In English, many things are named after a particular country – but have you ever wondered what those things are called in those countries?
1(causing death)(injury/illness/accident) mortalit is not known who fired the fatal shot — no se sabe quién disparó el tiro que le causó la muerte
- He knew it was a fatal wound caused by a special type of ammunition.
- The condition can be fatal if a clot travels to the heart or lungs.
- It was great beyond measure, lasted a long time and was particularly fatal to children.
- This protects the foliage from cold and wind damage as even the walk between shop and car can be fatal to tender plants.
- Unlike bees they have an unlimited ability to sting, although the venom rarely proves fatal in humans.
- The last fatal shooting attributed to the sniper took place Tuesday.
- They can inflict a serious, and sometimes fatal, injury and should be treated with respect.
- The wound was fatal, but not quick, he would be dying for days.
- But we know they are carrying a deadly parasite which has proved fatal to two species.
- Once a person develops symptoms, the disease is usually fatal.
- Is it really worth a potentially fatal accident just to avoid having your picture taken?
- I looked at the CDC site, and it seems that the disease is not invariably fatal.
- Rabies is an invariably fatal viral disease caused by the bite of an infected animal, usually a dog.
- The result would be fatal to most motorists as vehicles are likely to be damaged.
- Speeding is now a factor in one in four fatal crashes on our roads.
- The bug causes diarrhoea, stomach cramps and fever and can be fatal to babies, the old and the sick.
- Only about 25 of the 1,500 known species of scorpions can deliver stings that are fatal to humans.
- The spores transform into the anthrax bacteria, which produce a toxin that can be fatal to humans and animals.
- It contains an alkaloid toxin which can be fatal to horses and other livestock.
- The result of a fatal accident inquiry into her death is due later this year.
2(disastrous)(mistake/decision) fatídico(mistake/decision) de funestas consecuenciasfatal to sth
- the delay was fatal to the project — el retraso tuvo consecuencias funestas para el proyecto
- it would be fatal to assume that ... — sería funesto / tendría funestas consecuencias asumir que ...
- They were buoyed up by hope, and often they were brought down their own fatal flaws.
- What are the fatal flaws that bring him into such contempt among his own peer group?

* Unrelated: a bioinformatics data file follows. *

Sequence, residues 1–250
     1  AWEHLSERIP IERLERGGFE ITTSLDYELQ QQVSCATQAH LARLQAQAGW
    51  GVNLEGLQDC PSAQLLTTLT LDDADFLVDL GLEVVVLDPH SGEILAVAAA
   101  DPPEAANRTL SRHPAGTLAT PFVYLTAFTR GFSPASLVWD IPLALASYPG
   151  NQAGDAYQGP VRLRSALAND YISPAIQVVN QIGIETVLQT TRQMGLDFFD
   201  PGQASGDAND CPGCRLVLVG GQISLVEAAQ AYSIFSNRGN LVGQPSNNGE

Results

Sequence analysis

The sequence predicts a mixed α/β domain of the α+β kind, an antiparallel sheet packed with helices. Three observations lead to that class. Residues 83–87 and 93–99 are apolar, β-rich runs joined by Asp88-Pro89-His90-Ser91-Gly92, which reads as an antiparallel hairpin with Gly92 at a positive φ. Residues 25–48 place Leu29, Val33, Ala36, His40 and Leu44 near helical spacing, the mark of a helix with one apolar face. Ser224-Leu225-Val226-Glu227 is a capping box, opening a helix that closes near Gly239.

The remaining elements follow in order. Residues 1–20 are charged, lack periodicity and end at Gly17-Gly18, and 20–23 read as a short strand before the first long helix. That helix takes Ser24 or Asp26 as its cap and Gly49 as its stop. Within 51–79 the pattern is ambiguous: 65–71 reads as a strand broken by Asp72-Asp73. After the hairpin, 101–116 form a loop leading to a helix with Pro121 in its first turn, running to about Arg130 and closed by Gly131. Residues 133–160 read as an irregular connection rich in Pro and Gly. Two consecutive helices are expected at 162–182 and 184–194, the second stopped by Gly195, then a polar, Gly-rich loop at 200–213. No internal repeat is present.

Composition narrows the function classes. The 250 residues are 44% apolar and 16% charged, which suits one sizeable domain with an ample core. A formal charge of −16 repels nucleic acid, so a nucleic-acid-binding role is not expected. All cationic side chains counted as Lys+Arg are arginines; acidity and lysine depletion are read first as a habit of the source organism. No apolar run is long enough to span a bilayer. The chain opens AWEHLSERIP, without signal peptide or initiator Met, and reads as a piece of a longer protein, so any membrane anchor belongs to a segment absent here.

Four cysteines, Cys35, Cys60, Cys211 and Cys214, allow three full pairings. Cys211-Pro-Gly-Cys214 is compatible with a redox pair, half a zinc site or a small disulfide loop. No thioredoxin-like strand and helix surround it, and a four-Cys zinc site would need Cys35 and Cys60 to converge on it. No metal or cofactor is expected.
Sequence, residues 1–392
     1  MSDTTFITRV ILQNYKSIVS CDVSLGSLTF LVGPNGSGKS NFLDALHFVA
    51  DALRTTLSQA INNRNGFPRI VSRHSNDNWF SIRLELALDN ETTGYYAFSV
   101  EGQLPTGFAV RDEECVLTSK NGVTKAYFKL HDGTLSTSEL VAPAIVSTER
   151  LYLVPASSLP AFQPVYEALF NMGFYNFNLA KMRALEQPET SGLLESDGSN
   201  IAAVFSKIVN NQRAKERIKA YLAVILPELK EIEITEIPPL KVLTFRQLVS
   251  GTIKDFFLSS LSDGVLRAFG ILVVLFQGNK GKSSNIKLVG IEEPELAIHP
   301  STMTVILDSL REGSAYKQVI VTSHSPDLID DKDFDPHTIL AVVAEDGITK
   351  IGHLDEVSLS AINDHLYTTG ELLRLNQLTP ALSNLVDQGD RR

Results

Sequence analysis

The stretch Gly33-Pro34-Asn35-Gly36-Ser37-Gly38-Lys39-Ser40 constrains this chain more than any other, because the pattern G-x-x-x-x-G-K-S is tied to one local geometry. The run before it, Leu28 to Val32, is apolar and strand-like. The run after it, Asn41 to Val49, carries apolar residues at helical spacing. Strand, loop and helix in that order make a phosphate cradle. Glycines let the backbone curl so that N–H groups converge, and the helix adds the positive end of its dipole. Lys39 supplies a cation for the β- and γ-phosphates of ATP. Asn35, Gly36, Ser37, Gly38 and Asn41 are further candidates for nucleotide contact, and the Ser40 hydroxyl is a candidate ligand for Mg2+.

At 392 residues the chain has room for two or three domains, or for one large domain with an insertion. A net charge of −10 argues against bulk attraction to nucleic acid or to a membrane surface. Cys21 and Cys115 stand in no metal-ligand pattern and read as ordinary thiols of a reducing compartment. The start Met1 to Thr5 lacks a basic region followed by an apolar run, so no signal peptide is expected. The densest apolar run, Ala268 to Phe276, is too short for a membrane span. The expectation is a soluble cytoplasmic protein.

- But leaving the film to its own devices proves very nearly fatal.
- On each occasion, there was the same, potentially fatal, flaw in the system.
- Sometimes it's the way the software is designed that is determined to be the fatal flaw.
- However, a couple of fatal flaws in an otherwise solid defence proved costly.
- If you have a lazy agent, it could prove fatal to your dealings with your tenant.
- The decision was fatal to what little possibility remained of restoring order in the country.
- That is why I cannot quite put my finger on what you say is the fatal flaw in this legislation.
- However, when I'd finished the process I discovered a fatal flaw in the new software.
- Her delay in complaining thus might have been fatal to her claim.
- We say it is fatal to the defendants' case that they cannot prove those accusations to be true.
- Those sort of leaders are just as fatal to regimental morale as the control freaks.
- This would be fatal to the central purpose of the BBC, which is to take creative risk.
- That this was never permanently achieved proved fatal to their Mediterranean strategy.
- Many believe that a second whistleblower could prove fatal to the Government.
- It's a fatal flaw in what otherwise has the makings of an entertainingly quirky show.
- So, tactically, it is a masterstroke, with one fatal flaw.
- Thus the Inspector's failure to consider this aspect is not fatal to his decision.
- These could be produced economically and in quantity, but suffered a fatal flaw.
3(important)fatalthe fatal day/hour — el día/la hora fatal
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